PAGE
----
Jaguar Distribution Corp. licenses independent films to airlines for in-flight viewing. The company filed for Chapter 11 reorganization on July 31, 2020 in Los Angeles (San Fernando Valley Division). The bankruptcy filing was apparently triggered by the pandemic-related reduction in airline travel worldwide.
The unique feature of this Chapter 11 filing is that virtually all of its creditors (including the 20 largest creditors) are movie licensors for whom Jaguar Distribution Corp. acted as licensing agent.
This puts the company in a difficult position under bankruptcy law: in order to stay in business, the company needs to affirm all its movie distribution contracts; but to do so it must cure past defaults AND provide adequate assurances of future performance under the contracts. This will be a tall order.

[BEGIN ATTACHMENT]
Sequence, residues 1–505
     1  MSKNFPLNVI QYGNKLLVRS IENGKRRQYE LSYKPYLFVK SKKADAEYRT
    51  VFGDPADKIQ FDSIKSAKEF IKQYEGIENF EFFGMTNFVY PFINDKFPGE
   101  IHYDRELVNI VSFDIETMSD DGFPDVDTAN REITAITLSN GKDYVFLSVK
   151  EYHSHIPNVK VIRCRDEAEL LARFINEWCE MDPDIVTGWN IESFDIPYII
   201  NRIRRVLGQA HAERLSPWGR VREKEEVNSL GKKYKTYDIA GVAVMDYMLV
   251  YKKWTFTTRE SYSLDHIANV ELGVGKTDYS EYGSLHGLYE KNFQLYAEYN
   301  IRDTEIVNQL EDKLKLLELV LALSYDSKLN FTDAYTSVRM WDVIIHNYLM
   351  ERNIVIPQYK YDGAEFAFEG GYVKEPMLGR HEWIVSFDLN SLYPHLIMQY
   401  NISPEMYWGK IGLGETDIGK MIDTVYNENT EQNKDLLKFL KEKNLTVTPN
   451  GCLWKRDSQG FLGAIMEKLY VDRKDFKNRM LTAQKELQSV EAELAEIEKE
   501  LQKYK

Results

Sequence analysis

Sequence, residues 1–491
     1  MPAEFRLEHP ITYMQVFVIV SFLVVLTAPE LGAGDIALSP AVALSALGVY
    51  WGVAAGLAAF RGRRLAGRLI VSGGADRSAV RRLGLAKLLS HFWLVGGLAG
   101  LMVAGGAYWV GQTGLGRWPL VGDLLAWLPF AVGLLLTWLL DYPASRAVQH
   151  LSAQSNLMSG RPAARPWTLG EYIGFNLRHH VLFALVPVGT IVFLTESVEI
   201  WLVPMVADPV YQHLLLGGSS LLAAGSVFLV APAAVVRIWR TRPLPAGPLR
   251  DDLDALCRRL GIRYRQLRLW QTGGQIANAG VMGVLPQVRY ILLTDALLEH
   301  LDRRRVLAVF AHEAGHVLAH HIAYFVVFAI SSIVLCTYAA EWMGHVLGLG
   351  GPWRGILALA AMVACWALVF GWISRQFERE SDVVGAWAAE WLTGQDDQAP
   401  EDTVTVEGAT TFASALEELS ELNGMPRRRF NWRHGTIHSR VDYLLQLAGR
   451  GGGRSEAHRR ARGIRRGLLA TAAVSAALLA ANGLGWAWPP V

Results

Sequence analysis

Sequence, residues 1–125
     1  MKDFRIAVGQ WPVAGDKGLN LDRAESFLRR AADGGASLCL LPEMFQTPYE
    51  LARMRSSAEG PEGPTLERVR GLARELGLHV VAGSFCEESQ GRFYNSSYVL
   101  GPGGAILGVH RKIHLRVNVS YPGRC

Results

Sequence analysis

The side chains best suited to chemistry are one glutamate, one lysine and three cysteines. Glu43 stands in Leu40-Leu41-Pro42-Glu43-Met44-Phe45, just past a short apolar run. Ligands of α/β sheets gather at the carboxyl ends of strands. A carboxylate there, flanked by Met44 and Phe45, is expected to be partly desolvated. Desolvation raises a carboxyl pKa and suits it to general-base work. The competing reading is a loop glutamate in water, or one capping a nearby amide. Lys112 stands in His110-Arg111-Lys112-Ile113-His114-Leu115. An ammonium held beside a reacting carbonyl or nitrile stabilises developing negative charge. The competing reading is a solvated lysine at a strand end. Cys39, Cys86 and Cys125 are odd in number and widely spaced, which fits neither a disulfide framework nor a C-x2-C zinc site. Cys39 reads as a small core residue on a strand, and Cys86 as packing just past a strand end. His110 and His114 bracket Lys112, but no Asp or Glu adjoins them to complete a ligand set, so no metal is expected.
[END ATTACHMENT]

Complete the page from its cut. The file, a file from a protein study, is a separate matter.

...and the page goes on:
Jaguar Distribution Corp. lists assets valued at $1,768,195.26 and liabilities valued at $9,018,419.66–leaving a deficit in excess of $7 million. With a $7 million deficit and 292 separate movie licensor creditors, each with its own set of executory contracts for movie distribution, reorganization will require a great deal of forbearance from a large number of creditors.
It seems likely that many creditors will demand cure of these outstanding defaults before agreeing to extend existing contracts–and Jaguar Distribution Corp. simply does not seem to have the cash that may be required for $7 million in cure payments–let alone to offer adequate assurances of future performance.
The company hired James Wong of Armory Consulting Company (Irvine) as its restructuring financial advisor earlier this year in March.